In x2apic mode, accesses to APIC registers are done via the Model Specific Register (MSR) interface, so x2AVIC capability means that the hardware is now able to recognize when the guest issues certain read/write MSRs accessing the x2APIC Register Address Space, and emulate the side effects of a subset of these operations without the need for a VM-Exit.

Guests with more than 255 vCPUs require specifying a vIOMMU device with x2apic support, to be used by the guest for interrupt remapping so that it can route interrupts to vCPUs with APIC IDs larger than 255. With newer QEMU and guest kernel we can make use of a paravirtualized feature (kvm-msi-ext-dest-id). This blog will use the latter for simplicity.

How to verify hypervisor support

OCI E5 Standard bare metal shapes already enable the required capabilities by default in BIOS settings. We will briefly mention the essential settings and provide pointers to the official documentation for reference, so this section is still worth a look if you like to tinker with your host firmware or enjoy reading technical documentation.

SVM AVIC and x2AVIC support

AVIC support on specific hardware implementation is indicated by CPUID Fn8000_000A_EDX SVM Feature Identification.

CPUID Fn8000_000A_EDX[AVIC] (bit 13) = 1 indicates support for the AVIC architecture on the hardware. Additionally, CPUID Fn8000_000A_EDX[x2AVIC] (bit 18) = 1 indicates support for the AVIC architecture when the guest is using x2APIC MSR interface.

We can use the cpuid utility to determine if support is present:

$ cpuid -1 -l 0x8000000A | grep -i avic
    AVIC: AMD virtual interrupt controller  = true
    X2AVIC: virtualized X2APIC              = true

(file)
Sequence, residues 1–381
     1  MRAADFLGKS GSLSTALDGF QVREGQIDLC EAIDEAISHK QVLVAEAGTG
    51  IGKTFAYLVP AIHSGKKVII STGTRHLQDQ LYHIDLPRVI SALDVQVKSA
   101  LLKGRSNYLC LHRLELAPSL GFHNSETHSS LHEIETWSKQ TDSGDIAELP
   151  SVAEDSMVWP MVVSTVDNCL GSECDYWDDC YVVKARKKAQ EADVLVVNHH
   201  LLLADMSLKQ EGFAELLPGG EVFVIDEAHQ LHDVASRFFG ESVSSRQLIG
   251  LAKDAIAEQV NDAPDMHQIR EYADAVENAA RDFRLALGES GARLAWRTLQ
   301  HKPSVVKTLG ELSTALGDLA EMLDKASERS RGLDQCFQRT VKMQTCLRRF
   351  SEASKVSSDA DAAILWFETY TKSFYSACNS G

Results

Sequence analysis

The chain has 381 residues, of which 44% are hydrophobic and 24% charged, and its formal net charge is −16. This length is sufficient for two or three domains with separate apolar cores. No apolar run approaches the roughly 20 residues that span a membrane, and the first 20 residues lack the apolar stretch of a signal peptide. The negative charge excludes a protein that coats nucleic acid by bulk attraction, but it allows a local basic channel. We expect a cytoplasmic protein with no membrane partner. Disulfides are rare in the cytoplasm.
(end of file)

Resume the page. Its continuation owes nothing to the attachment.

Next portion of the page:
These capabilities are also reported in the Flags section of the lscpu command output:

$ lscpu | grep -o 'x2avic\|avic'
avic
x2avic

IOMMU AVIC support

The AMD IOMMU Extended Feature register (documented in MMIO Offset 0030h IOMMU Extended Feature Register) can be queried via the sysfs interface to confirm that the Guest Virtual APIC feature is present:

$ cat /sys/class/iommu/ivhd*/amd-iommu/features | uniq
25bf732fa2295afe

The relevant fields are named GASup and GAMSup. Using Table 21: Interrupt Virtualization Controls for Upstream Interrupts, we find that both GASup (bit 7) and GAMSup (bit 23:21) controls must be set to 1, which is the case for the value read earlier.

The following sample script checks for the relevant fields:

#!/bin/bash

function check_iommu_avic_support() {

    local gasup=7
    local gamsup=21
    local iommu_caps=$(( (1 << $gasup) | (1 << $gamsup) ))

    if [ -f /sys/class/iommu/ivhd0/amd-iommu/features ]
    then
        local bitmap=$(cat /sys/class/iommu/ivhd0/amd-iommu/features)
        bitmap=${bitmap##*:}
    else
        echo "Unable to find AMD IOMMU Extended Feature Register. Is this an AMD EPYC host with IOMMU enabled?"
        echo "Exiting..."
        exit 2
    fi

    if [[ $(( (16#$bitmap & $iommu_caps) )) -eq $iommu_caps ]]; then
        echo "IOMMU AVIC capability is SUPPORTED"
    else
        echo "IOMMU AVIC capability is NOT SUPPORTED"
    fi
}

check_iommu_avic_support

Host parameters to enable AVIC/x2AVIC

In order to support all of the options mentioned in this document, the UEK minimum version is:

UEK7-U2: V5.15.0-204.146.1

In short, when running a recent hypervisor kernel, AVIC can be enabled by loading the kvm_amd module with avic=1. All KVM guests will then enable both SVM and IOMMU AVIC functionality, unless restricted via kernel parameters or inhibited due to specific guest configurations that are not supported by AVIC hardware. For a detailed description of those specific cases and settings, see the following sections.

KVM module parameters

The avic parameter of the kvm_amd module controls both AVIC and x2AVIC state. The specific feature enabled depends on the hardware support. When kvm_amd.avic=1, both SVM AVIC/x2AVIC and IOMMU AVIC will be enabled in guests that support it.

The avic parameter is disabled by default. Edit /etc/modprobe.d/kvm.conf to enable avic parameter in kvm_amd module. An example:

$ cat /etc/modprobe.d/kvm.conf
options kvm_amd avic=1

Alternatively, for a non-persistent option just reload the module with the above parameters using modprobe:

$ sudo modprobe -r kvm_amd
$ sudo modprobe kvm_amd avic=1

IOMMU AVIC